Expected outcomes and deliverables:

The student will be trained at super-resolution techniques such as single particle tracking photoactivation localization microscopy (sptPALM), PALM and dSTORM. The student will be expected to acquired data and analyse it using state-of-the-art image analysis softwares.

Suitable for:

This project is open to applications from students with a background in microscopy and/or Physics, 3-4 year students.

Primary Supervisor:

 

Professor Frederic A. Meunier

Further info:

 

Please contact Professor Frederic A. Meunier prior to submitting your application:  f.meunier@uq.edu.au

 

Project title:

Role of Nuclear factor I in cortical development

Project duration:

4 weeks

Description:

In the Brain Development and Disorders laboratory, we are interested in the normal development and wiring of the brain and how defects during development result in disorders, such as congenital brain malformations and brain tumour.

The Nuclear Factor One (Nfi) genes are transcription factors that regulate development of the cerebral cortex. They do this by regulating the switch between proliferation and differentiation in radial progenitor cells. In humans, deficiency of NFI due to mutation or deletion of these genes is associated with severe brain developmental defects, including agenesis of the corpus callosum and macrocephaly. In this project, we will investigate the expression of NFI in various cell types during development and the effect of knockout of NFI on cortical development and wiring.

Expected outcomes and deliverables:

The applicants can expect to gain laboratory experience and actively participate in histology, microscopy and analytical techniques as part of an ongoing research project in the laboratory. Depending on the enthusiasm and commitment of the applicant, this project offers a great opportunity to be trained in advanced concepts of cortical development and transcriptional regulation.

Suitable for:

This project is suitable for year 2-4 students with a background in science and who are looking for an Honours or PhD project.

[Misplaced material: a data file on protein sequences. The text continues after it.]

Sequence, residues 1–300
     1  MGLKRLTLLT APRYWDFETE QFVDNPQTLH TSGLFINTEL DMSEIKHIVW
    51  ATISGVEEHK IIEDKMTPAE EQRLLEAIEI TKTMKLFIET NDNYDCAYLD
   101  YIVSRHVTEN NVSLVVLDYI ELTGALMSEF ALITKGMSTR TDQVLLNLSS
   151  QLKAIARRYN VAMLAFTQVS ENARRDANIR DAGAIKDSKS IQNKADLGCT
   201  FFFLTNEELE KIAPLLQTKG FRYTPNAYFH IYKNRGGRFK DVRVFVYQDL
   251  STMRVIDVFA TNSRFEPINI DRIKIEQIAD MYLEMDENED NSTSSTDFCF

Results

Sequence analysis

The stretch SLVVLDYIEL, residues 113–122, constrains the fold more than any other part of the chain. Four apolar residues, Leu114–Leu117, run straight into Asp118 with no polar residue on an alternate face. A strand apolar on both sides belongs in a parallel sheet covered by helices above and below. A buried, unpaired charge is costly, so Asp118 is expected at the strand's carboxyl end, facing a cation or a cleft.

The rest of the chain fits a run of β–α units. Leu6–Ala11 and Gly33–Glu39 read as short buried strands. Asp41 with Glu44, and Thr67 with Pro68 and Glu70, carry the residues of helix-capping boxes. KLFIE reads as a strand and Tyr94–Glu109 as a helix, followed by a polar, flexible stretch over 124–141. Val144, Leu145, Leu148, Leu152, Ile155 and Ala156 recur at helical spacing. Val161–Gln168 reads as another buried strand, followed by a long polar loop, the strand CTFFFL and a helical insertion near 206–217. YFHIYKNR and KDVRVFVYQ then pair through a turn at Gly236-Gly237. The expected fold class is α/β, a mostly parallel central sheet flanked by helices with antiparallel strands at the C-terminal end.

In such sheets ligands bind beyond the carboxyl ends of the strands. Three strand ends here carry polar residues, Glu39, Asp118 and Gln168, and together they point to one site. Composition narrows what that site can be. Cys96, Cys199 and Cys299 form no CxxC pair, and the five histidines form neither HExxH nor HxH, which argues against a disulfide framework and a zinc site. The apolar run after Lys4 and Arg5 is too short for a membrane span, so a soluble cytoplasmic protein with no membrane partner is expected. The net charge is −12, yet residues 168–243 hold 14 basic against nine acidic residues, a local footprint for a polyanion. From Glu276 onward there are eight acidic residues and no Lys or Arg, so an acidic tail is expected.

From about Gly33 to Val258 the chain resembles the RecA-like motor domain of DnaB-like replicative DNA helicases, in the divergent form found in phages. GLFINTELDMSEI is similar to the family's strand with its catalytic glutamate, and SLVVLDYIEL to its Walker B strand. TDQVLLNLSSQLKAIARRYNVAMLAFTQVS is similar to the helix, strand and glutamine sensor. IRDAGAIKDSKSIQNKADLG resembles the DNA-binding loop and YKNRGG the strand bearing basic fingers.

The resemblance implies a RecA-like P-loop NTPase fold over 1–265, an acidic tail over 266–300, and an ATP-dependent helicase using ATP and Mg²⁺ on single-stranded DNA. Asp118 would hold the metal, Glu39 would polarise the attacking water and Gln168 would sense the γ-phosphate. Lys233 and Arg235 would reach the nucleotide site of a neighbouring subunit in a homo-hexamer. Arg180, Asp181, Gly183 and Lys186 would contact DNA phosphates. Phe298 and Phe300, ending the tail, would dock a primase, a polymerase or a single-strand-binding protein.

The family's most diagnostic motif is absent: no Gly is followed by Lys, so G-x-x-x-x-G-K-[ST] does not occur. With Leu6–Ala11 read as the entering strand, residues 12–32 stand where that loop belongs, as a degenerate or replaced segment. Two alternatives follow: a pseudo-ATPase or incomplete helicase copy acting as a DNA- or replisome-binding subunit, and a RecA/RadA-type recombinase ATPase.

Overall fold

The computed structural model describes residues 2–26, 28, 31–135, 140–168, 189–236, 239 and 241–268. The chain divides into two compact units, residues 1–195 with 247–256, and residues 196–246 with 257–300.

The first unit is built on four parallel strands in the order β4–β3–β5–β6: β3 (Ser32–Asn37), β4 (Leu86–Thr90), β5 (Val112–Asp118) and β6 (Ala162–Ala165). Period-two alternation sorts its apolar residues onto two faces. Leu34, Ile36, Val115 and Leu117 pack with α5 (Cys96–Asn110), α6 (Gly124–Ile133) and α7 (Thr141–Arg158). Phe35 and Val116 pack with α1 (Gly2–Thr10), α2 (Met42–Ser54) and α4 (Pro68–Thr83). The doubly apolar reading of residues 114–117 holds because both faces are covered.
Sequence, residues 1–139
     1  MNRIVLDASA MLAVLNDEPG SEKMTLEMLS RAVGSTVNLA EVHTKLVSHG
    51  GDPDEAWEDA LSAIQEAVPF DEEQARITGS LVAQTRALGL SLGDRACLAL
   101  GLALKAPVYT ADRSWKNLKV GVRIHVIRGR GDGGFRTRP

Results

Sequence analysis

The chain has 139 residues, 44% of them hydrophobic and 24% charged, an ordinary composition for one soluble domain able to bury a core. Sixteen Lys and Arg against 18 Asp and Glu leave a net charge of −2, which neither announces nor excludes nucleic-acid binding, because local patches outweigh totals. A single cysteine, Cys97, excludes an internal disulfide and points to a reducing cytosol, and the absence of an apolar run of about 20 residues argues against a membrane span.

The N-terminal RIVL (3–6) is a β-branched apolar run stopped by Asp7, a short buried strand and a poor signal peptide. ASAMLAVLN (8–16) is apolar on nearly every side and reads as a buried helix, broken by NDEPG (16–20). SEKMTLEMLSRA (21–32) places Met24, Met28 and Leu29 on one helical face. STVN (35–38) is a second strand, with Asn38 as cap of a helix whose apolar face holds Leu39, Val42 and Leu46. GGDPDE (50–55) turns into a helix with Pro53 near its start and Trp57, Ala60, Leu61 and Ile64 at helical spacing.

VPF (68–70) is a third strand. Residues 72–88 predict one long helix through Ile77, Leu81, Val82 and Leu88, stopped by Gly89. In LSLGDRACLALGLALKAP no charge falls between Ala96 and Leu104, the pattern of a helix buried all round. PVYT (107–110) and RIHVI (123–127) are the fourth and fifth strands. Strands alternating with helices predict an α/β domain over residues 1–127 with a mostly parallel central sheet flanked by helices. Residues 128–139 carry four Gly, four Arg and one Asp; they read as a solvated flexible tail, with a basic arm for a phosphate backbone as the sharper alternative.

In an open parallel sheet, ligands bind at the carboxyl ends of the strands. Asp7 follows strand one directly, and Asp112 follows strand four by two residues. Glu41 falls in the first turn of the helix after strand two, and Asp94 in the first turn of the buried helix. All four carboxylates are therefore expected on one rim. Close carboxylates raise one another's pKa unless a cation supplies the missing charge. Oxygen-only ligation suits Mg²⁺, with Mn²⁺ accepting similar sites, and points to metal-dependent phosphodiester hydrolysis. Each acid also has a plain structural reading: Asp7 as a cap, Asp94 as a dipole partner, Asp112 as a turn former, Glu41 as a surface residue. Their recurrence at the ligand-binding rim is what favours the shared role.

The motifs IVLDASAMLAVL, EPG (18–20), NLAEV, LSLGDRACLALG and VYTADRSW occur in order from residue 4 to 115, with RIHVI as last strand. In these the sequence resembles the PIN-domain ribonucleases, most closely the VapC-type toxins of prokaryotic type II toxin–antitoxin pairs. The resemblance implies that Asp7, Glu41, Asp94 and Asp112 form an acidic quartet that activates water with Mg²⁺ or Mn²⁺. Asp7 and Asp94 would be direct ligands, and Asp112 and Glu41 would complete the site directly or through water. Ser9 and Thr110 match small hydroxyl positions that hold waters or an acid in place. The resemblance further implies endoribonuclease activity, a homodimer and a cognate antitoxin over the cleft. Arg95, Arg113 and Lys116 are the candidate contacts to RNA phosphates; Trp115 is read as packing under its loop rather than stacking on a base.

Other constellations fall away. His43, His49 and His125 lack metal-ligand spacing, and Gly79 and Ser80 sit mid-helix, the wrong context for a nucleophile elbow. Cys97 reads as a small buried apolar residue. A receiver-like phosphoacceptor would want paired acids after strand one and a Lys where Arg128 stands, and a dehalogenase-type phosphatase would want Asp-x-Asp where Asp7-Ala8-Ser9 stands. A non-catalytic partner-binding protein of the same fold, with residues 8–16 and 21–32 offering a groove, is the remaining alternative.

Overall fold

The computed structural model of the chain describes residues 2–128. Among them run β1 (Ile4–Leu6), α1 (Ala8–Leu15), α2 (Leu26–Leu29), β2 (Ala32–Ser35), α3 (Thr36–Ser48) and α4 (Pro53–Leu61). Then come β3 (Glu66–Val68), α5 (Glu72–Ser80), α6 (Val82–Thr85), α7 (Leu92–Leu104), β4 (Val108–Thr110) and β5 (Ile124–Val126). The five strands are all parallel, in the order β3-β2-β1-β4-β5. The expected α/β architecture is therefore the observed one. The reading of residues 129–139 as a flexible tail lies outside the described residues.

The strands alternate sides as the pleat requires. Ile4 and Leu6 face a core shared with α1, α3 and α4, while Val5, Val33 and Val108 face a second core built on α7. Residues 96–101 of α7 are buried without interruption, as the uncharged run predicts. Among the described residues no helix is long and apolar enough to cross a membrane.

Primary Supervisor:

 

Professor Linda Richards

Further info:

 

Prior to submitting an application or for further information, please contact:

Donna Simon at d.simon@uq.edu.au

 

Project title:

Effects of human epilepsy mutations on inhibitory neurotransmission in the brain

Project duration:

6 weeks

Description:

Epilepsy is a devastating neurological condition, affecting 1-3% of the global population and >30% of people with epilepsy do not respond to currently available medications. Generalized epilepsy syndromes are often caused by hereditary mutations to the GABA type-A receptors (GABAARs) that mediate fast neurotransmission throughout the nervous system. The mechanism by which mutations disrupt GABAAR synaptic activity is still unknown. The aim of this project is to examine how epilepsy mutations affect GABAAR function, by looking at parameters such as ligand affinity, channel gating properties, receptor surface expression, mobility and synaptic clustering in order to understand how epilepsy occurs and to identify the most appropriate ways to therapeutically modulate these receptors. We offer two projects.

Project 1 will employ artificial synapses to examine epilepsy-causing GABAARs as they would operate in a real synapse. Using patch-clamp electrophysiology will enable us to determine how the functional properties of the mutant receptors shape the activation and deactivation phases of synaptic currents. If time permits, you will also test the effectiveness of four commonly used and four new drugs with anti-epileptic potential, and quantify their mode of action.